I thought I'd write a post today about how, in the midst of all this talk about what isn't really a "strong female character," about what isn't a feminist character, we—myself included, perhaps myself most of all—risk falling into the trap of scrutinizing female characters more closely than men, criticizing them more often, and thus reinforcing messages that can hurt the feminist cause more than they might help it. About how we risk widening a rift when what we need is mutual understanding of all women, of all men, and of all the everything in between, in all our wonderful and utterly dumbfounding complexity. About how, while it's necessary and important to examine tropes, to pick apart their underlying themes and put them back together with a better understanding of the messages we absorb from them, if that picking apart leaves us without a single female character we can feel proud of and sure of, then we are lost. How if we spend all our time figuring out why we shouldn't love female characters, we will do exactly what we accuse others of, and fail to love women.
I was going to write that post.
And then I read Bitterblue. And I was reminded of the wonderful feminist thing that is Kristin Cashore.
Her main characters are all strong women. They all have power. They are also all broken, haunted by these truly terrible pasts. And they are so wholly, completely, complexly human that they defy simplification. They refuse to be tropes. None of them—women or men, primary or secondary—can be ignored. They seem to live and breathe, and they offer windows—some of the only broad, clear windows I've ever encountered in literature—into what it really is to be a woman. They are human.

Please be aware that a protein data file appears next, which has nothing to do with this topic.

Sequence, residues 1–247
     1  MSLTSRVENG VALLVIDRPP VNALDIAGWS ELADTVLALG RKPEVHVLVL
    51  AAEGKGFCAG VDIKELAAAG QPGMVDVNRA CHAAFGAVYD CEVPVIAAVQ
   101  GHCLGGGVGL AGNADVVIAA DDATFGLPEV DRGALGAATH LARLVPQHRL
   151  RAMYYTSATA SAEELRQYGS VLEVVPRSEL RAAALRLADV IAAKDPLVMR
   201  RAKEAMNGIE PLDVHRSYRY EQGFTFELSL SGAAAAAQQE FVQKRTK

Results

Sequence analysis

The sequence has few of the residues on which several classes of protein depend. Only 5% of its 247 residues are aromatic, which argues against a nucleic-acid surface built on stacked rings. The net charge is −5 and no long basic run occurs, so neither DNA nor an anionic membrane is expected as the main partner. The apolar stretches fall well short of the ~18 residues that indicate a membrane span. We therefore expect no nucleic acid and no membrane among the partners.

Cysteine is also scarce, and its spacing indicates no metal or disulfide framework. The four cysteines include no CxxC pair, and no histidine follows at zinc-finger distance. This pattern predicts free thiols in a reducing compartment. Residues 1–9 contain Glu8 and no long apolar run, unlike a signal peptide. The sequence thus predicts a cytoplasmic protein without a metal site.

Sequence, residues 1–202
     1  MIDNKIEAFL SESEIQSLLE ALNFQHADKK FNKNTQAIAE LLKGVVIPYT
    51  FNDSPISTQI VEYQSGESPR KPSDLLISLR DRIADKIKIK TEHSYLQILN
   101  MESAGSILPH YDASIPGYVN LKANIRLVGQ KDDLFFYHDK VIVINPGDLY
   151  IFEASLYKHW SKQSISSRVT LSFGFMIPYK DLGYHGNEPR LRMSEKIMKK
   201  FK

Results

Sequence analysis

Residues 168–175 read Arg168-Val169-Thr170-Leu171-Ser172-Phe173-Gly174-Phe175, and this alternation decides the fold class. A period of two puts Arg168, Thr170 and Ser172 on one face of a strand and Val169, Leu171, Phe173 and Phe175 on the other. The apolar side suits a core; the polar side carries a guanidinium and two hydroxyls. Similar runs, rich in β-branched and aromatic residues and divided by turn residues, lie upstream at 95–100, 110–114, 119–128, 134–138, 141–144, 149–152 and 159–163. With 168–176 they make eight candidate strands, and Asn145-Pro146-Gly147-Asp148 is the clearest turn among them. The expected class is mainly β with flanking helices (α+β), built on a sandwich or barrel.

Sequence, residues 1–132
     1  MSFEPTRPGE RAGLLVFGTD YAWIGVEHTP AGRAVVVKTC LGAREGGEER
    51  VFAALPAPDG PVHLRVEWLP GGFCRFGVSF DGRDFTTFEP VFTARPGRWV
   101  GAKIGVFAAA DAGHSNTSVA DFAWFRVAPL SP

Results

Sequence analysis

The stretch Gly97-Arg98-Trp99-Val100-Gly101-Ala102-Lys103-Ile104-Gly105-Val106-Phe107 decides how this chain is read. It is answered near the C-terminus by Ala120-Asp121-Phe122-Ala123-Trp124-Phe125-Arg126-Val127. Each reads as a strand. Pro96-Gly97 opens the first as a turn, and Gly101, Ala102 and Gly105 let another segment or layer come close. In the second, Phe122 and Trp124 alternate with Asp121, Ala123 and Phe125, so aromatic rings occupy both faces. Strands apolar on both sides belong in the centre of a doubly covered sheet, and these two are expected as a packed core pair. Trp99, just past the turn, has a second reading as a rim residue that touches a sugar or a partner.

These are the characters we need. It's not enough to say "strong." It's not enough to say "flawed." They must be whole. They must be human. So that each of us, in reading them, can feel what it is to be a human who is not ourselves.* So we can all understand each other better for it.
*That said, it would be remiss of me to ignore the fact that all of Cashore's main characters, and in fact almost all of her secondary and tertiary characters, are people of considerable privilege and with the power to command nations. They are primarily members of the dominant race in their respective kingdoms, or, in the case of Fire, they have powers that compensate for the prejudices of those around them by providing them with some control over others. It isn't quite enough to give us both women and men who are whole and human—we also need to see whole, human characters of all genders who are underprivileged in other ways, so that their unique perspectives can be forefronted and understood as well. I hope you understand that I don't intend to criticize Kristin—I believe that she has the skill and the humility to do those tales justice, and one day I truly hope to see them from her.